From: Ritchey Lee (firstname.lastname@example.org)
Date: Tue May 15 2001 - 05:14:12 PDT
If there is "some kind of effect" the claimer should be able to show it in a
repeatable way. I have never see any such demonstation. When I ask for one, I get
hand waving much like that in you response.
I used an 18 pSEC edge for my tests. The first harmonic of such an edge is well
above 20 GHz and even then there is no visible effect of the bend.
Is in meaningful t speculate about there might be some effect at some very high
frequency when the context of the hadbook and this discussion is high speed logic
Chris Padilla wrote:
> It is not a myth, there is "some kind of effect" from right angle bends.
> The real question is, I believe, "Do I care, given the speed and/or
> frequency content of the signals I am dealing with?"
> For most of us right now, on this list, we probably *should not* care as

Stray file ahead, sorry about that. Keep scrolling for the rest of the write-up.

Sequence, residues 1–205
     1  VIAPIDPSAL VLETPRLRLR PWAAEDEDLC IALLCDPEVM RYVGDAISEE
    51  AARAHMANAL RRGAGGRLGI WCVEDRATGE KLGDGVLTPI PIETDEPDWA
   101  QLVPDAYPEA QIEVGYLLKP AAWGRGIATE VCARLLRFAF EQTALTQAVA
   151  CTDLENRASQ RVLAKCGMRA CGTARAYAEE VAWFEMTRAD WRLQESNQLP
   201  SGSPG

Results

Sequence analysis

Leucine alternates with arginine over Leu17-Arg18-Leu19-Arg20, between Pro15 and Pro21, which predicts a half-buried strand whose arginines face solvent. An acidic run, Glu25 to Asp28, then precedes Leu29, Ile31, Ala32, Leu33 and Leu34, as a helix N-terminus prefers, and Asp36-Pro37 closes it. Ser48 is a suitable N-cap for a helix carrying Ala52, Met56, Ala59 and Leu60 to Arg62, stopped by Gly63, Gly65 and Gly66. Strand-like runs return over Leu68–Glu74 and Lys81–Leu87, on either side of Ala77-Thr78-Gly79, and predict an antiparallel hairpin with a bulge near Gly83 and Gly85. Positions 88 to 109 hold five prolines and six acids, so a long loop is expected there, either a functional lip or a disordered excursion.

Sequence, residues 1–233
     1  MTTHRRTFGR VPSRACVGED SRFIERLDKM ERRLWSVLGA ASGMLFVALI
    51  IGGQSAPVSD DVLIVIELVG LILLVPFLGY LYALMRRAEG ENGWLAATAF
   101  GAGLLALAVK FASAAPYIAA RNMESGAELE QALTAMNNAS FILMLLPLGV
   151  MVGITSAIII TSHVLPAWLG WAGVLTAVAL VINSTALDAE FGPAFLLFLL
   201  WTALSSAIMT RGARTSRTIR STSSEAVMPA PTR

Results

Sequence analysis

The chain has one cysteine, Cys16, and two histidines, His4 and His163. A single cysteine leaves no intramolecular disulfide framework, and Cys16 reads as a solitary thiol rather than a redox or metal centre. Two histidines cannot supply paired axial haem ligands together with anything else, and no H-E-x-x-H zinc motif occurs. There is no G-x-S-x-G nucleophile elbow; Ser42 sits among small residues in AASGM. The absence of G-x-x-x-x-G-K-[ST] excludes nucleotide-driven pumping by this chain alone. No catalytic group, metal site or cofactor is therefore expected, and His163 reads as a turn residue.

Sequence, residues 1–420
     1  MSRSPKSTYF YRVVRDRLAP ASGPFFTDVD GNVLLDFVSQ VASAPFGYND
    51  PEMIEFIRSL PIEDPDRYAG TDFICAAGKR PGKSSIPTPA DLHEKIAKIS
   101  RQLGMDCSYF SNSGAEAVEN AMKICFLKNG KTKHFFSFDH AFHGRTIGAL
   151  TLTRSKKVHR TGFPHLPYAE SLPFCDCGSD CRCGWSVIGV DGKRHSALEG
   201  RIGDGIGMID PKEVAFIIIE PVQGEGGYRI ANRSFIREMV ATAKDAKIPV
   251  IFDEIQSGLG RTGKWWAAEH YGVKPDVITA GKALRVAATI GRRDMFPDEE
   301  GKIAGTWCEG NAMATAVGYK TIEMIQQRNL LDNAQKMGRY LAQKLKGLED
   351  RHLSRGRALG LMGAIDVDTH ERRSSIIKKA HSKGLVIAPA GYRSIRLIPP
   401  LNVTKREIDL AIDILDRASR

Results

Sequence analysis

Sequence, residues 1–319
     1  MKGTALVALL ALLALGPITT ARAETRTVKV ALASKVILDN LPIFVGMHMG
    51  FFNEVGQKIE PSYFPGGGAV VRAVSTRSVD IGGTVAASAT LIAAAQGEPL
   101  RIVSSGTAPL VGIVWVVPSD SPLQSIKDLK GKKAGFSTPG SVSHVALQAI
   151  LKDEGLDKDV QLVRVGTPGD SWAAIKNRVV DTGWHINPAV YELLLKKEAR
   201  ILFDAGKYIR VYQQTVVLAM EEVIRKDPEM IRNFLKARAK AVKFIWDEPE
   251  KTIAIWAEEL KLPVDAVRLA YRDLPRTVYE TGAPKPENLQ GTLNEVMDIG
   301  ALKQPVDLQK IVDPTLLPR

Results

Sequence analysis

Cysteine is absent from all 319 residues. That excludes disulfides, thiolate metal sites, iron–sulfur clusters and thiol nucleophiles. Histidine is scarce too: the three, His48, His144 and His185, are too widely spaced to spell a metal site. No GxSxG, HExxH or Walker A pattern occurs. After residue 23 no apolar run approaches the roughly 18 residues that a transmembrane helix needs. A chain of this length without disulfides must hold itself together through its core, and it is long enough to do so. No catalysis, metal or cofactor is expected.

> you point out.
> If one is designing a 50 GHz antenna, then it might make a world of difference!
> Out of curiosity, what kind of rise time were you pushing through that
> right angle bend? 100 ps? I am farily certain that I've seen some small
> dips (aka capacitance) through right angle bends but I cannot honestly say
> that it was directly attributed to the bend.
> >Any of you who want to know how the myth about right angle bends got
> >started, look
> >at figure 7.17 on page 155. This alleges that right angle bends can be
> >seen by a
> >TDR. I've done this measurement dozens of times and coiuld never see a right
> >angle bend.
> >A few years ago, I called Mr. Blood the author of the book and asked
> >about the
> >diagram. His reply was that he knew the diagram was flawed, but there
> >wasn't time
> >to fix it before the book went to press.
> >As a result, thousands of engineers have spend countless time worrying
> >about right
> >angle bends.
> >When we publish technical information such as this, it is important to
> >insure it
> >is accurate.
> >This applies especially to applications notes, whic often contain entirely
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